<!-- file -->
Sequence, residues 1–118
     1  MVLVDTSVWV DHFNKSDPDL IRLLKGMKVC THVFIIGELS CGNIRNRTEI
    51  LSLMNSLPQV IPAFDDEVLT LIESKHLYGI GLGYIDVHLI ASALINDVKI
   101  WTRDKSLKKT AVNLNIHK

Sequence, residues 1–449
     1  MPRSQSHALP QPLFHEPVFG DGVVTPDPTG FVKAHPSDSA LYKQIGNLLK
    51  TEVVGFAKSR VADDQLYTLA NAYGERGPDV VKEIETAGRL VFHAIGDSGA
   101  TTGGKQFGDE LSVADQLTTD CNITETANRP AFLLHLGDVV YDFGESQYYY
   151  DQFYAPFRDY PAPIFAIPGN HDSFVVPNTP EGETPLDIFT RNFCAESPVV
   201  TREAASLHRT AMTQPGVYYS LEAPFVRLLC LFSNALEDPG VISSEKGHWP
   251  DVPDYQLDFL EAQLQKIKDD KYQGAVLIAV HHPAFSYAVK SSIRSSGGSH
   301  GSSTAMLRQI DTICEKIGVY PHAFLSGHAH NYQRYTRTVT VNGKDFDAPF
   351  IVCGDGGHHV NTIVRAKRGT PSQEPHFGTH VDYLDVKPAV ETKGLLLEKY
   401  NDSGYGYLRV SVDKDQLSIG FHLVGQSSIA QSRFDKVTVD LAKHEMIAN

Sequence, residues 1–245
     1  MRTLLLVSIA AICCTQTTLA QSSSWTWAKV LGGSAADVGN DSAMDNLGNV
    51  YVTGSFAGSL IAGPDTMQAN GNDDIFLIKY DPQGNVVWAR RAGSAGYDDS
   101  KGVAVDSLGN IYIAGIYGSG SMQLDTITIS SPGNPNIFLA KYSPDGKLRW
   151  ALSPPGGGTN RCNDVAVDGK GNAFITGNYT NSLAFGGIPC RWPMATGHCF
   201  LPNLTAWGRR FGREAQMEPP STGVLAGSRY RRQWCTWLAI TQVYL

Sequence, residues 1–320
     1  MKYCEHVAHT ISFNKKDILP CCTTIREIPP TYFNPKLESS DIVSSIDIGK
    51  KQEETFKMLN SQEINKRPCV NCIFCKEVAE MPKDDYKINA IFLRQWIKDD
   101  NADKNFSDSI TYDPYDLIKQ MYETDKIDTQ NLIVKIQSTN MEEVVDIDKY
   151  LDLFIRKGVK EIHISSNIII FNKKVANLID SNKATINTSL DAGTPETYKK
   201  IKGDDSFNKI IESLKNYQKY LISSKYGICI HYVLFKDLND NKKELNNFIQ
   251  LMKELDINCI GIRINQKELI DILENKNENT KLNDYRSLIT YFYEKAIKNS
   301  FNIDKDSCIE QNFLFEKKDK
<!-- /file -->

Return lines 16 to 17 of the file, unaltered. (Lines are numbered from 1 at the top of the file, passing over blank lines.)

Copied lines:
     1  MRTLLLVSIA AICCTQTTLA QSSSWTWAKV LGGSAADVGN DSAMDNLGNV
    51  YVTGSFAGSL IAGPDTMQAN GNDDIFLIKY DPQGNVVWAR RAGSAGYDDS